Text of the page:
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Drinking Less Isn’t Reserved for ‘Dry January’ Anymore


Less people are participating in Dry January this year, but data suggests that’s because drinking less alcohol is now on-trend year round.

Dry January participation has dipped 4 percentage points, from 19% in 2022 to 15% this year, according to Morning Consult’s annual report. But last year was a record-breaking one for the Dry January movement, driven by increased participation among millennials.

Meanwhile, this year’s data indicates that some of those millennials who took a break from drinking last January never started back up. The share of millennials who said they drink alcohol declined from 69% in December 2021 to 62% a year later.


“During the pandemic and its lockdowns, people had the time and priority to focus on their health and wellness in all aspects of their lives, including their relationship with alcohol,” Sarah Segal, CEO at DAVIDsTEA told The Food Institute.

“We’ve actually seen data that highlights how consumers are changing their diets and lifestyles to improve their immunity and overall health; especially younger generations,” said Segal.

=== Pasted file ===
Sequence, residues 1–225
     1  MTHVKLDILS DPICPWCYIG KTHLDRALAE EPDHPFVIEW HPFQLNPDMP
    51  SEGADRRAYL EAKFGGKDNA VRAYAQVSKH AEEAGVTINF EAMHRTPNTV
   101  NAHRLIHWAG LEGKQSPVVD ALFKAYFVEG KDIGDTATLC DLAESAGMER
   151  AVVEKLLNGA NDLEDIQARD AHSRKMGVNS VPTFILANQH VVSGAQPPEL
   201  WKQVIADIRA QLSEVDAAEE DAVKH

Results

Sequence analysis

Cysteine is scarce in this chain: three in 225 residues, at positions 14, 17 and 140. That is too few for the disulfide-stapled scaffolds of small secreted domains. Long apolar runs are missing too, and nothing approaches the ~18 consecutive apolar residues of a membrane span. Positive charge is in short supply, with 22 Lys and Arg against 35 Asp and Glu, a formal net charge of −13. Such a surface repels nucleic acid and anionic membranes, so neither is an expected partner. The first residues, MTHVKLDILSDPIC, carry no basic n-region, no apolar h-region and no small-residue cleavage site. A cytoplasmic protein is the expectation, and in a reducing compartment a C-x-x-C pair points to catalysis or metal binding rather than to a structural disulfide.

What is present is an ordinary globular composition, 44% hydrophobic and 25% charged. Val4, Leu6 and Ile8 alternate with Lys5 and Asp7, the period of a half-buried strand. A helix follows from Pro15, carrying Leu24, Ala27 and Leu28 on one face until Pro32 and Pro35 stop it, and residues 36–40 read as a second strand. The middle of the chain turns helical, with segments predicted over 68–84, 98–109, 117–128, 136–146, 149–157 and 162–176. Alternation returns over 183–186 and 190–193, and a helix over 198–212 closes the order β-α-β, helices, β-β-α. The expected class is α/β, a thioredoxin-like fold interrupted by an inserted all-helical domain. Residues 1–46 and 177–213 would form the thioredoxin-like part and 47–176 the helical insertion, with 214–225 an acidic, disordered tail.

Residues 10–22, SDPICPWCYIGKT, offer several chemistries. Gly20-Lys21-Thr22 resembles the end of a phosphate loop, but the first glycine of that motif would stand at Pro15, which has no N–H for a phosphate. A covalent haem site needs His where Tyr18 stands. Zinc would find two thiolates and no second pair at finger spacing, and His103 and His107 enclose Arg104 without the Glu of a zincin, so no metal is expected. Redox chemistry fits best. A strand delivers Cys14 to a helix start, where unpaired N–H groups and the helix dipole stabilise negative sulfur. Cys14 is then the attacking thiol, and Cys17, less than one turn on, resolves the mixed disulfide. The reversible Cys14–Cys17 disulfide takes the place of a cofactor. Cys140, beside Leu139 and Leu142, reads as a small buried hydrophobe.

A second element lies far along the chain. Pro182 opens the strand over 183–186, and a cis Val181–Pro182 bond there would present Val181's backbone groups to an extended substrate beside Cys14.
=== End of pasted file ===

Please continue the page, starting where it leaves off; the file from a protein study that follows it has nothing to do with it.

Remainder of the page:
More than 75% of Americans say they’ve given up alcohol for at least a month in the past, according to a recent Veylinx report. Nearly half (46%) of drinkers are currently trying to reduce their consumption, and 52% of them are opting for non-alcoholic beverages instead.

The same report found that younger consumers are the most interested in non-alcoholic alternatives. Demand for non-alcoholic canned cocktails is 48% higher among the 21-35 age range than among those over 35.

Physical and mental health were cited as the main reasons for drinking less.


“As consumers continue to focus on health, the food and beverage industry needs to mold itself to this generation’s perspective,” Segal said.

At DAVIDsTEA, Segal and her team are catering to the sober curious with a new collection of mocktail teas. “A great example of this is Gin & Tonic, which took us years to perfect,” she explained. “Through multiple rounds of development and fine-tuning, we successfully recreated this classic cocktail’s flavor by blending lemon, coriander, juniper berries and green tea.”

Ultimately, although participation in Dry January is down, drinking in moderation is as popular as ever. The right time for a dry spell may be different for everyone, but 22% of drinkers plan to take a month-long break at some point in 2023, according to Morning Consult.

That’s why Segal says “it’s critical for brands to provide choice.” The way to win is by offering something for everyone, whether on a break from alcohol or not.

“It’s important to recognize that this overall lifestyle shift is not just a trend, it’s truly a change in mentality and it’s here to stay,” Segal said.